A general principle of the works is to carry them out on the basis of decisions taken as objectively as possible, with transparency in all phases. These goals are achieved primarily by means of an interdisciplinary approach to the interventions during the phases of study and application, the publication of general and specialized studies for the restoration of the monuments prior to the actual interventions, their submission as top-level studies to a procedure of multiple assessment and then the final publication of the works.

The International Conferences of specialists held at regular intervals for exchange of opinion about the various proposals for interventions on the monuments and other special subjects, comprise a particularly important feature of the works. The interventions, in themselves, are conducted in the spirit of the Venice Charter (1964), the internationally accepted framework of principles codifying the requirements for the restoration of monuments. The following principles were formulated particularly for the monuments of ancient Greek architecture, and stem from the actual building system of the monuments of the classical period.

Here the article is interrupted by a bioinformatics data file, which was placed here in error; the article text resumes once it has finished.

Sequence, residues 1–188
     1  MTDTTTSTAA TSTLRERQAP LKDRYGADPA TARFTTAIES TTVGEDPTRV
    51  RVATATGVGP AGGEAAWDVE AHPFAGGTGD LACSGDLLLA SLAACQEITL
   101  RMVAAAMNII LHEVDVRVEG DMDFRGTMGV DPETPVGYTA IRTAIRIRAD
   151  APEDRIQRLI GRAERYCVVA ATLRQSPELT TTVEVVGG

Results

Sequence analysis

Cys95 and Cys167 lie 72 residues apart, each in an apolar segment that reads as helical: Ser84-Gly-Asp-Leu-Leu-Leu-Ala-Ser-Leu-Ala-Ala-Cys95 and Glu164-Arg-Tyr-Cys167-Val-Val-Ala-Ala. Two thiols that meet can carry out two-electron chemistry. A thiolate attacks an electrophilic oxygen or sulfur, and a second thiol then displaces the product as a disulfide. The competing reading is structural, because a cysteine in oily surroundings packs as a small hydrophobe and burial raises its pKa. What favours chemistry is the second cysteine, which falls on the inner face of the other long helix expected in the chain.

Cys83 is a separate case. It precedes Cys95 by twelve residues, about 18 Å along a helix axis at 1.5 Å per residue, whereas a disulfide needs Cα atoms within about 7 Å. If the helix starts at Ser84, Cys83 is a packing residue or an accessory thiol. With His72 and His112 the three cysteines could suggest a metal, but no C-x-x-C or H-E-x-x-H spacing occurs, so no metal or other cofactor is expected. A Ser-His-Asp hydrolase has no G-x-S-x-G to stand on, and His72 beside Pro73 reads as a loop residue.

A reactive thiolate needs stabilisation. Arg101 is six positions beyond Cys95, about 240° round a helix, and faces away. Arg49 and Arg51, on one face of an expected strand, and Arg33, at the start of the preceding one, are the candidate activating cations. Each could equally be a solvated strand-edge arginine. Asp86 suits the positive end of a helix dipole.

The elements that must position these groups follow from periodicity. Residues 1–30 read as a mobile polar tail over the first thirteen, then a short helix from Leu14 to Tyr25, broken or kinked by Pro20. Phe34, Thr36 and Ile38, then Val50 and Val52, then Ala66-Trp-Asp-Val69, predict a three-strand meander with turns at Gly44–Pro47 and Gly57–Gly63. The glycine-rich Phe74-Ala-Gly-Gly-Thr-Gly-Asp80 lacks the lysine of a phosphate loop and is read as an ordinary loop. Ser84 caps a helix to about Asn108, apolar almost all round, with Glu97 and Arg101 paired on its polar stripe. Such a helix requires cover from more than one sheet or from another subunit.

• The principle of reversibility of the interventions. This means the possibility of returning the monument to its condition prior to the intervention.
  • Respect for the authentic material, retention of the structural autonomy of the architectural members and their original structural function.

Compliance with the above theoretical principles leads to specific choices in planning structural interventions on the Acropolis monuments, which can be summarized as follows:

  • Interventions are restricted to those parts of the monuments that have been damaged in earlier restorations or show structural deficiencies.
  • The materials used in restoration must be harmless and compatible with the authentic materials.
  • For joining fragments, the titanium rods required by the structural study, should be used as sparingly as possible and the holes for titanium reinforcements be as few as possible, so as to avoid damaging the ancient material.
  • To the extent possible, the existing ancient cuttings are used for joining the members. The basic criterion for calculating the reinforcements is that in a near-limit situation the reinforcements should fail rather than the ancient material.
  • In the joining of ancient fragments, only pieces that come from the same architectural member are joined together.
  • In restoration supplements of new marble are limited. The decision is always made on the basis of the structural and aesthetic autonomy of the member involved and the integrity of the area being restored.

[print-me target=".entry-title, .breadcrumbs, .content" do_not_print=".gallery-shortcode"]